Taylour Munro


Stephanie Stewart

Though a national ban on flavored cigars and methanol is proceeding slowly, Colorado was poised to protect public health right now by enacting a statewide ban on flavored nicotine products with HB22-1064. Bill sponsors Sens. Kevin Priola and Rhonda Fields and Reps. Kyle Mullica and Jennifer Bacon should be applauded for introducing a common-sense piece of bipartisan legislation to protect the health of Coloradans.

Unfortunately, Gov. Jared Polis and the Senate Appropriations Committee do not feel this same urgency. Days ago, the committee voted the bill down, after Polis said he opposed the bill.

Colorado could have joined five other states and the District of Columbia, which have enacted bans on the sale of flavored nicotine products. These measures primarily aim to reduce nicotine use among young people who are major consumers of electronic cigarettes. Notably, while traditional cigarette smoking has decreased among American teens, the use of e-cigarettes has escalated. Currently, 1-in-4 Colorado youth use e-cigarettes; the long-term effects of this use are unknown.

Some opponents argue that the benefits of flavored nicotine outweigh the risks. They note that vaping is safer than cigarette smoking and assert that e-cigarettes can assist adult smokers in quitting. However, there is no clear evidence that flavored tobacco products assist in quitting combustible tobacco. Furthermore, a majority of adult e-cigarette users in the United States report ongoing use of combustible cigarettes or “dual use.” This is worrisome, as dual use is associated with worse health outcomes, especially with regard to respiratory symptoms, compared to smoking either combustible cigarettes or e-cigarettes alone. Additionally, there are seven FDA-approved medications available for tobacco cessation, all with clear evidence of efficacy, that are underutilized. The Colorado Quitline is available for free to all Coloradans interested in  making a quit attempt with evidence-based interventions.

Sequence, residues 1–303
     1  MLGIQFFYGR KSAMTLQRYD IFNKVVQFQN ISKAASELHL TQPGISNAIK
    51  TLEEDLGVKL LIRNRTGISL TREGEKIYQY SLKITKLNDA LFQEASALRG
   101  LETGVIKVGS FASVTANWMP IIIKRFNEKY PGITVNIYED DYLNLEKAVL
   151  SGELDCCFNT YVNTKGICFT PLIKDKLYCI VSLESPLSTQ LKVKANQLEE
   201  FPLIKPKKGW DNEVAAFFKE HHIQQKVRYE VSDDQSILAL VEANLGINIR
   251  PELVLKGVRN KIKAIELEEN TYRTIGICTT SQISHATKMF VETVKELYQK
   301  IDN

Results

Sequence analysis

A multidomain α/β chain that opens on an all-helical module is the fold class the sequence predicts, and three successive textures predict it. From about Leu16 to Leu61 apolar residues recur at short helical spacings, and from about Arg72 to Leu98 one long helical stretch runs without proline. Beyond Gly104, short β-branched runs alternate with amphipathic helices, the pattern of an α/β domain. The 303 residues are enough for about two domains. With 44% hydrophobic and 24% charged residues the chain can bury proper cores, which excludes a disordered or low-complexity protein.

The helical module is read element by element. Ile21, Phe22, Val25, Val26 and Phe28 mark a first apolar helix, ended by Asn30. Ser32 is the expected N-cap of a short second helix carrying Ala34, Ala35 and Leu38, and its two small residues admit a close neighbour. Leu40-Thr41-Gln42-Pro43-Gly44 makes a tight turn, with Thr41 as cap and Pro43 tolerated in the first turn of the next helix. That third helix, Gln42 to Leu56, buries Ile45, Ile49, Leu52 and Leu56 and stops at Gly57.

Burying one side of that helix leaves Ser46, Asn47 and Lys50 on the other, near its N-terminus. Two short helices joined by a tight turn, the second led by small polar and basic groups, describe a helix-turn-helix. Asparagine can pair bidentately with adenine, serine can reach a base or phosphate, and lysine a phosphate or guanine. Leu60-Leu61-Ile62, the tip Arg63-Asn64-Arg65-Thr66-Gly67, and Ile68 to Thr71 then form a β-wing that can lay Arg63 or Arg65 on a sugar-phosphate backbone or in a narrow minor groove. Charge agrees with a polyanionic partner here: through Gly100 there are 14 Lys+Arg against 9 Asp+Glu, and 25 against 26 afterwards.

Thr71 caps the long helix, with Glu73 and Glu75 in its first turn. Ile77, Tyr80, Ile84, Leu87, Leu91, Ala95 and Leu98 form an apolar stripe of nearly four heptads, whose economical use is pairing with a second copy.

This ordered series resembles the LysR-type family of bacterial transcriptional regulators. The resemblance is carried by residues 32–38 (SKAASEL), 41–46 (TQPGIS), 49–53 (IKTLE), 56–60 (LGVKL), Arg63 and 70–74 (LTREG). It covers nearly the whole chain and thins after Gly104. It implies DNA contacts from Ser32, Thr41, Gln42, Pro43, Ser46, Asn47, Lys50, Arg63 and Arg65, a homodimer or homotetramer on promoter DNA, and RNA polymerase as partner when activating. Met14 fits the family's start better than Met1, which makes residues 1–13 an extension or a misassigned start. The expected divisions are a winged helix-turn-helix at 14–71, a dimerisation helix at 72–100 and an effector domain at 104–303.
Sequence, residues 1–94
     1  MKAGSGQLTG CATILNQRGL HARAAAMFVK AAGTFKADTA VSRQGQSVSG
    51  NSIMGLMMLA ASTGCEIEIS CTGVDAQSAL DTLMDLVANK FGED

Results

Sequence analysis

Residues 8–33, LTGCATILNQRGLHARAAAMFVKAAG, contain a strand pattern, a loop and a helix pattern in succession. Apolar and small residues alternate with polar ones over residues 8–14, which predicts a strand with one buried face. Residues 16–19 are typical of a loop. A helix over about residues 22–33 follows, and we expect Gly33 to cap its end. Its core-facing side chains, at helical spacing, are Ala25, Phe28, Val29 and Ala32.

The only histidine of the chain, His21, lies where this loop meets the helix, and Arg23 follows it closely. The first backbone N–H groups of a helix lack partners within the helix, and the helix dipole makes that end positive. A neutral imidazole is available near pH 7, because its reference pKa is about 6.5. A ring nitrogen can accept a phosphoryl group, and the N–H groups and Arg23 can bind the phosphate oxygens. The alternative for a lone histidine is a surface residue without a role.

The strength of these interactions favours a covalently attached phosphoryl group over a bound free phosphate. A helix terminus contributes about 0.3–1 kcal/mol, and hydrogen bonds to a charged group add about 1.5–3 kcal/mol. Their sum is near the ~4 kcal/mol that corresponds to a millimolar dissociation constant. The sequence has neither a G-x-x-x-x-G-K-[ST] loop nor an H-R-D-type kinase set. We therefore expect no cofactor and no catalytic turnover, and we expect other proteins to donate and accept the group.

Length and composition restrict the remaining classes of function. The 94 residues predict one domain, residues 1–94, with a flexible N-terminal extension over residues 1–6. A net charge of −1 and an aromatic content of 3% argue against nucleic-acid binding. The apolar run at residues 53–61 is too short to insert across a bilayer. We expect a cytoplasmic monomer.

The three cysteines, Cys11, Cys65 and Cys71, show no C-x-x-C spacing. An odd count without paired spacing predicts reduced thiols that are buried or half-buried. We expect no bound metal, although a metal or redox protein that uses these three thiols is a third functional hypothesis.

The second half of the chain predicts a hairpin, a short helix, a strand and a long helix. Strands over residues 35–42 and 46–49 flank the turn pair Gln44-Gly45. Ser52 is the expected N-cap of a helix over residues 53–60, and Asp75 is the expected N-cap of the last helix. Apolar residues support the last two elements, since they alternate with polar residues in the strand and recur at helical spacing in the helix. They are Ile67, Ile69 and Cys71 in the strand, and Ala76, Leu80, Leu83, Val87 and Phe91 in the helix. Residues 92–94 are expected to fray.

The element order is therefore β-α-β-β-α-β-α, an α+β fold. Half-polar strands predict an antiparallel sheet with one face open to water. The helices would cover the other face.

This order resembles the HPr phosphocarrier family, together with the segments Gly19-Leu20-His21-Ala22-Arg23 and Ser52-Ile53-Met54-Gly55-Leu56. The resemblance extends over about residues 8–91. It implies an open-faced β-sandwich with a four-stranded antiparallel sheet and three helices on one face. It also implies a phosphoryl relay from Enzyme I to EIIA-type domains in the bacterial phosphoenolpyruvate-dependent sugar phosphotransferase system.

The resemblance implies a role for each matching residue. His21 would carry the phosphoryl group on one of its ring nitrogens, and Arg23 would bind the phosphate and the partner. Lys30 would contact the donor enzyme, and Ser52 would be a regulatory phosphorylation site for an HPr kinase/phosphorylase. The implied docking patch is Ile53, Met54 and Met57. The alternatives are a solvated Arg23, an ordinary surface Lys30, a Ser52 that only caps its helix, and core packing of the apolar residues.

Though the benefits of flavored nicotine to adult smokers are unproven, the risks to youth are well-documented. Flavoring enhances the appeal to first-time users. The same flavoring, down to the exact chemical, is used in nicotine products as in candy such as Jolly Ranchers. Youth cite the availability of flavors as reasons for use per the National Youth Tobacco Survey.

There is a potential risk that e-cigarette use leads to subsequent combustible tobacco use. Though tobacco use has decreased in the general population, prevalence is higher among vulnerable populations including people of color, LGBT individuals, those with low socioeconomic status and those with mental health disorders. Tobacco use threatens our patients in particular; tobacco-related illness is the leading cause of death among persons with substance-use disorders.

Tobacco and nicotine abatement is a public health opportunity for Colorado. Though we lead the nation in health-related outcomes like lowest prevalence of obesity, tobacco use rates in Colorado are similar to national averages. Swift legislative action to curb flavored nicotine use is essential to protect the health of Coloradans. There may be hesitancy as the new universal preschool program is funded from state nicotine and tobacco taxes, but allowing the unregulated sale of an addictive substance — one that is especially attractive to youth — in an effort to fund their early education is unconscionable. As such, we encourage lawmakers to reintroduce this bill next session and for Gov. Polis to commit to support it.

Taylour Munro, DO and Stephanie Stewart, MD, MPHS are addiction medicine physicians in Colorado.

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